That's sad it's gone.

Kris said...

My heart goes out to you. These old barns tie us to the earth, to God's provision, and to the most loved work in the world. It is hard see them go. But you've found the Truth in your framing of the history and the memories. Thanks for sharing!

Billy Coffey said...

Oh Sandra, that's just so awful. I love old barns, and that one was full of such good memories. This post was so, so good.

Sandra Heska King said...

@LL: Thanks. Photography is not my talent, but I try. I love capturing images, and I'm learning.

@Kathleen: :( I remember how sad I was when hubby's parents sold the houses across the road--and then sold this house, which we were able to buy back. A blog post for another day.

@Duane: The barn was kind of a landmark on I-69 and for giving directions to our house. "Get off on exit 57, right by the old barn . . ."

@Kris: Beautiful comment! Thank you!

@Billy: Thanks. I used to dream of restoring it for a restaurant, a quilt shop, a museum. Why does everything cost money? We did save some of the wood.

Claire said...

oh this takes me back to family memories on farms back in south africa. summer days where the silence hums and all life bends gently to the laziness of each day.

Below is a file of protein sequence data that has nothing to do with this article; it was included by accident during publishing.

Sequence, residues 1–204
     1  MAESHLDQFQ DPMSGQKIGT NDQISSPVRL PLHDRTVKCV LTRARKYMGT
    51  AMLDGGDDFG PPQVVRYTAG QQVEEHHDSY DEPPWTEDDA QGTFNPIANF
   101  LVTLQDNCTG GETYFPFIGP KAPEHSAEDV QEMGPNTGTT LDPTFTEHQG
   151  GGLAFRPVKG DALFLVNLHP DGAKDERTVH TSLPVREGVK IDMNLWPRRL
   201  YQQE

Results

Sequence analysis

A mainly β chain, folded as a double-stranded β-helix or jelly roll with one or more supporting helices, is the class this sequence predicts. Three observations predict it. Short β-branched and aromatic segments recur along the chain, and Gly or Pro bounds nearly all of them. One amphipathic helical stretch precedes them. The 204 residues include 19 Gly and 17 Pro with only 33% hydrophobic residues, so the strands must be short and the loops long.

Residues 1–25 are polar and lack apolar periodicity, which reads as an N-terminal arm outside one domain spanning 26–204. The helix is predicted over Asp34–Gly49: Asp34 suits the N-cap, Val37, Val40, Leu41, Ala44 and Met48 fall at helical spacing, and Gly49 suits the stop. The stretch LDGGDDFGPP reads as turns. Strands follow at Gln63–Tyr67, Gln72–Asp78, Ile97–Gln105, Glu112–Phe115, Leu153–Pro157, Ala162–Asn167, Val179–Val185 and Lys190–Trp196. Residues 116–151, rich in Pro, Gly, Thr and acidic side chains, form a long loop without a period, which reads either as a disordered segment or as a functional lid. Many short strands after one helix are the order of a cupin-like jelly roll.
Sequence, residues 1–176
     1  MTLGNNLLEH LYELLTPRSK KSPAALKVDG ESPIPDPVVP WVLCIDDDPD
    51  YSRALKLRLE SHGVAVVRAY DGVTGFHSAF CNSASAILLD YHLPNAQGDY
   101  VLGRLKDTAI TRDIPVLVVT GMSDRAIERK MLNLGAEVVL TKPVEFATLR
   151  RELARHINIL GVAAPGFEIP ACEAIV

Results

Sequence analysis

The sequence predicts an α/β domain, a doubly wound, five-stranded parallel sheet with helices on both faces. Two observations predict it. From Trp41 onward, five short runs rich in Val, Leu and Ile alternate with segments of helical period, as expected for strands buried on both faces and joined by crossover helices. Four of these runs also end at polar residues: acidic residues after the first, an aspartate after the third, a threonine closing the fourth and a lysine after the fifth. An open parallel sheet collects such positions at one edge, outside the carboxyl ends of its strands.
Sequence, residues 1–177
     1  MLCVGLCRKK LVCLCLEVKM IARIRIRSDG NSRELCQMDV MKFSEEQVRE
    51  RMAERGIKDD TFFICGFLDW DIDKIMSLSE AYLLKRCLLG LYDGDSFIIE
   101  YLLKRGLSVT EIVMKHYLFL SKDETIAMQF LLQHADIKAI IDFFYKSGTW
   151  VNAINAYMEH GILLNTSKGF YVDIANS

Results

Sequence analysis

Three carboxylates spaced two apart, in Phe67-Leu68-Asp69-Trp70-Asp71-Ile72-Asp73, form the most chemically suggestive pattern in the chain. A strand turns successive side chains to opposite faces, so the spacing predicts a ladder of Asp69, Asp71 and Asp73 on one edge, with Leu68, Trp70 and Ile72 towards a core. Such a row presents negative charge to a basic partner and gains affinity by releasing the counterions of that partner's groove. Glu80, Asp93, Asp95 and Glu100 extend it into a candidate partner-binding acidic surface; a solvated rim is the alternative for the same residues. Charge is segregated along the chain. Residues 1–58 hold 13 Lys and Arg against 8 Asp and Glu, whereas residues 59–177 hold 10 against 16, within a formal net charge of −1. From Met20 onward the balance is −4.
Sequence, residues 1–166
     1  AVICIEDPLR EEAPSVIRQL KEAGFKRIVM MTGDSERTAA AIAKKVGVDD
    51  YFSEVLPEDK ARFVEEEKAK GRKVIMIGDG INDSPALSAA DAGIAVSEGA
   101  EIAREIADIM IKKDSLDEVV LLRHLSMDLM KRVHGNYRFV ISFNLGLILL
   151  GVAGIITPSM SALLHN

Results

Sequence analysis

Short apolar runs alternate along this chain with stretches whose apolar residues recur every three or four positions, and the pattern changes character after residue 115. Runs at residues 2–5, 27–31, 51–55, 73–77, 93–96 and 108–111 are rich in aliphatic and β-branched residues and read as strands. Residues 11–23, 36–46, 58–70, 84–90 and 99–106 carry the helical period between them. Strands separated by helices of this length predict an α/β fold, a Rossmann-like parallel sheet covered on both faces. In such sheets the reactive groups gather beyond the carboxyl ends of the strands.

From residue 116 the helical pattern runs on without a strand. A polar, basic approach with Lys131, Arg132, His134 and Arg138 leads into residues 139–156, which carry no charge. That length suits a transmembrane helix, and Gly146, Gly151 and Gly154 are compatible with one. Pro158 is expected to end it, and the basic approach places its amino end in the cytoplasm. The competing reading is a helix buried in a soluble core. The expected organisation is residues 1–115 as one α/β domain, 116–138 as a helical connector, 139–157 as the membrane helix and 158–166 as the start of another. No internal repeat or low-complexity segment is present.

the last photo is particulary good. you have captured the essence of what you have written.

caryjo said...

One blessing is to see how you are gifted at connected "life's realities" to God's eternal messages to us. That balance is something very few have in this present world.

Sorry you had to walk through it... and have to walk through more ... but "Our Father" will bring healing. That's what we rely upon.

A Simple Country Girl said...

And how I would have wept too. Perhaps you were able to salvage some wood and create something beautiful...


Sandra Heska King said...

@Claire: I hope to make memories in Africa one day.

I thought the photo was way too dark, but the more I looked at it, the more I think you are right. Plus the smallness of my son compared to the largeness of the rubble and the silo towering above.

Thanks for this opportunity! I can't wait for the next one.

@caryjo: You are a blessing to me!

@ASCG: Yes, we have some wood and some other artifacts. And pictures from the past--including one framed that my son took as part of a photography class. And someone came to salvage some for wedding reception decorations!

One thing I forgot to mention. My husband's grandfather got it in his head during the depression, when money was tight, to paint the barn with used motor oil. My father-in-law said it never would hold paint again.

One wall in our basement is paneled with wood from the original centennial barns. Tangible memories when the brain waves begin to fade. ;)

Janis@Open My Ears Lord said...

So glad you could keep some tangible memories from the barn. Good reminder about building on a firm foundation.


Sandra Heska King said...

Welcome, Janis! So glad you came to visit. Also good to remember that even if we start with a firm foundation, we need to keep it in good repair.